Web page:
January 31 – February 18, 2012. Following a trail blazed by German crane colleagues and through transportation gratis ICF’s official Airline, Lufthansa, I spent nineteen memorable days in Ethiopian landscapes and sunshine. Ten of those days we shared with two members of ICF, Joe Branch (member if ICF’s Board of Directors and Chair of our Board for eight years) and Denny Geiler (ICF supporter and great birder from California). The visit perhaps will, with good fortune, result in the acceleration in the study and conservation of wetlands vital to more than 1,368 Black Crowned Cranes and 213 Wattled Cranes and uncountable thousands (for me at least) of migrant Eurasian Cranes that we observed.
The Jimma wetland along the Little Blue Nile and that flows into the southwest corner of Lake Tana, together with a series of similar spreads of shallow water along that riparian complex, will perhaps be the primary focus for habitat conservation efforts after Shimelis determines the numbers and distribution of perhaps as many as 20 breeding pairs of Wattled Cranes (my guess), four pairs of which we located during our brief time at that complex. Through the support of a generous private donation, ICF was able to provide adequate resources for the publication of Shimelis’ book, “The Bird of Lake Tana”. This book is being developed to promote ecotourism that will improve the livelihood of local people living near and in the wetlands. In addition ICF gave Simelis an excellent camera and a top-of-the-line telescope and tripod to enable him to secure better images for the book and for his continued and vital research. Thanks to the efforts of German and Ethiopian colleagues, the Lake Tana Basin is on the cusp of being declared one of the UN’s Biosphere Reserves, a qualification that will open possibilities for financial support from the German government.On the valley floor of the Rift Valley southwest of Addis, we visited four wetland complexes, three of which are seasonal and provide roosting habitat for thousands of Eurasian Cranes, and one of which, Boya, is a permanent wetland of fluctuating water levels and provides both breeding and dry season habitat for perhaps the majority of the nations Wattled Cranes. We counted 163 in one day at Boya whose wide basin is surrounded by badly eroded and overpopulated hills. When water levels rise during the wet season, the lake expands over thousands of areas of mudflats that undoubtedly come alive with a variety of aquatic vegetation and a concomitant plethora of nesting waterfowl. Once home to hundreds of hippos and famous as an area where one could hunt them, Boya is now devoid of that great mammals of the marshes but it is rife with birds. The challenge now is to protect the wetland against effects of erosion and agricultural encroachment as facilitated by dikes and drainage ditches. A colleague, Yilma Dellelgen from the Ethiopian Wildlife and Natural History Society in Addis, will perhaps help address that challenge.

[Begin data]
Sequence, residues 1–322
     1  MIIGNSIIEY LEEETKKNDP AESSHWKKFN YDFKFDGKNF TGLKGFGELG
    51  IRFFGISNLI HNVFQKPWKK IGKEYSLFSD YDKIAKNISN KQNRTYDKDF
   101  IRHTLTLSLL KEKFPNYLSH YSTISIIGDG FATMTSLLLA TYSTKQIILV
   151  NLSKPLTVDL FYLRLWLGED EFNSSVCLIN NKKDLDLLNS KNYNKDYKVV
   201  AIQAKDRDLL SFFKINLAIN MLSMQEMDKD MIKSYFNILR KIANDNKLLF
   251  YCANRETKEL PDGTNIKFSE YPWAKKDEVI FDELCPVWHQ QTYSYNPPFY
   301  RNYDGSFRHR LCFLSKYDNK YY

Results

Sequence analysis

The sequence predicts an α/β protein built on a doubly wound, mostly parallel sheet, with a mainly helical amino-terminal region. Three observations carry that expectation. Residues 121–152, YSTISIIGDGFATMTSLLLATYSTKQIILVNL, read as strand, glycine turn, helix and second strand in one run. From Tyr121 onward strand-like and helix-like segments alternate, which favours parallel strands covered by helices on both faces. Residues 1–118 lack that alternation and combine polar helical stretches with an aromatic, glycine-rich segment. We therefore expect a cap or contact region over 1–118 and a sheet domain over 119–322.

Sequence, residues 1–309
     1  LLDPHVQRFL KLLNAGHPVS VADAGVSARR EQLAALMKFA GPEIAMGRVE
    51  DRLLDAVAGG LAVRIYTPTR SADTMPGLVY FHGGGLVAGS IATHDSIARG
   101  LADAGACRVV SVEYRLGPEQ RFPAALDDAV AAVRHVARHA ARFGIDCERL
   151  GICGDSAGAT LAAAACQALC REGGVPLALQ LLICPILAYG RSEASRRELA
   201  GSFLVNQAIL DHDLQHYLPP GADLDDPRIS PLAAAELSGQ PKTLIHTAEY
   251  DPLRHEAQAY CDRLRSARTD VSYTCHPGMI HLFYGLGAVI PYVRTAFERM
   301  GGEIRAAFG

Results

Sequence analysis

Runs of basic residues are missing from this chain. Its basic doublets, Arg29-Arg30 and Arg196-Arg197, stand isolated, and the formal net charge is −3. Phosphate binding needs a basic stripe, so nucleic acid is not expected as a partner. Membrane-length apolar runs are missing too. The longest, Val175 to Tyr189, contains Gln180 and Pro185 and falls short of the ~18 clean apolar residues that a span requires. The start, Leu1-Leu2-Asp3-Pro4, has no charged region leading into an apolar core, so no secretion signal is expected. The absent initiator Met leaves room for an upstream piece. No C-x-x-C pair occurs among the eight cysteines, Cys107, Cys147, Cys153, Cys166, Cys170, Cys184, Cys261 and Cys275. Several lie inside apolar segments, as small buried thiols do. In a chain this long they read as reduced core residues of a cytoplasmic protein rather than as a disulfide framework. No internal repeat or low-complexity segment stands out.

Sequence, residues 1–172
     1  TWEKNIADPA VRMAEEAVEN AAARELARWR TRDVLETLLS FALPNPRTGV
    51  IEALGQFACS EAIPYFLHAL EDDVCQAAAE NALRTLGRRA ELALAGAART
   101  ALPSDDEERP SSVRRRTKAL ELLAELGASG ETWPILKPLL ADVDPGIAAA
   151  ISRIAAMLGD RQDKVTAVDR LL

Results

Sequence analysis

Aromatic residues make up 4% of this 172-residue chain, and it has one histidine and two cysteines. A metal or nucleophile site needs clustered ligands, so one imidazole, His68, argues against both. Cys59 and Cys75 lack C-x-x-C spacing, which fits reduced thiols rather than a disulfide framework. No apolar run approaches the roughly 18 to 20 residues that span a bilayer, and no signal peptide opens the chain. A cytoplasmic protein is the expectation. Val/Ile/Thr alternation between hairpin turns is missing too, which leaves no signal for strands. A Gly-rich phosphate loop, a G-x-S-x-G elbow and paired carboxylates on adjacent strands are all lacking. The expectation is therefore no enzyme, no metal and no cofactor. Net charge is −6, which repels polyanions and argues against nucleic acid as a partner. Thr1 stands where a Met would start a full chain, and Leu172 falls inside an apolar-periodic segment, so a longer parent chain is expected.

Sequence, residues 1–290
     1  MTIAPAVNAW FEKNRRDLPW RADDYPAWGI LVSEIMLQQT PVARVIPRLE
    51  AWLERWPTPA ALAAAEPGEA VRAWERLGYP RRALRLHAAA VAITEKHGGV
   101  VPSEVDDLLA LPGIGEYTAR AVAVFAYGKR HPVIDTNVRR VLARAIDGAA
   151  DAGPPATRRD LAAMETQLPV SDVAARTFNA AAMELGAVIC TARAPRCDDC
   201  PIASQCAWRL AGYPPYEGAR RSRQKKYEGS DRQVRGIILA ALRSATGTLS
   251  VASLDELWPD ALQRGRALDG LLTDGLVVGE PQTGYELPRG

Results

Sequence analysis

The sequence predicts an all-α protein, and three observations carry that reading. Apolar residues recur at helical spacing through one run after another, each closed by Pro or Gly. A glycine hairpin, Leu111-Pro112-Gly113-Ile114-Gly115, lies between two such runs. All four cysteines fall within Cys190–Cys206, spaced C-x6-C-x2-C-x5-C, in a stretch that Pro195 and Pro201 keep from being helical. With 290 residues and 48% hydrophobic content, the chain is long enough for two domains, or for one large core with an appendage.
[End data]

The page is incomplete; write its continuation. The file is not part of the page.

Finally, a sprinkling of lovely wetlands around Jimma in the southwest, provide breeding habitat for several pairs of Wattled Cranes, four of which we located and one pair had an almost-fledged juvenile. This will perhaps be the focus for the efforts of two colleagues from the university there, Tariku and Tijima.
Visit George & Tex, our exhibit highlighting ICF’s pioneering work to save the Whooping Crane. The exhibit is on display through May 2012 at our world headquarters in Wisconsin. Click here for a preview.
The Indianapolis Prize was first awarded in 2006 to Dr. Archibald for his life-long dedication to crane conservation. View the award video to learn more about Dr. Archibald’s work as a global ambassador for cranes and their conservation.
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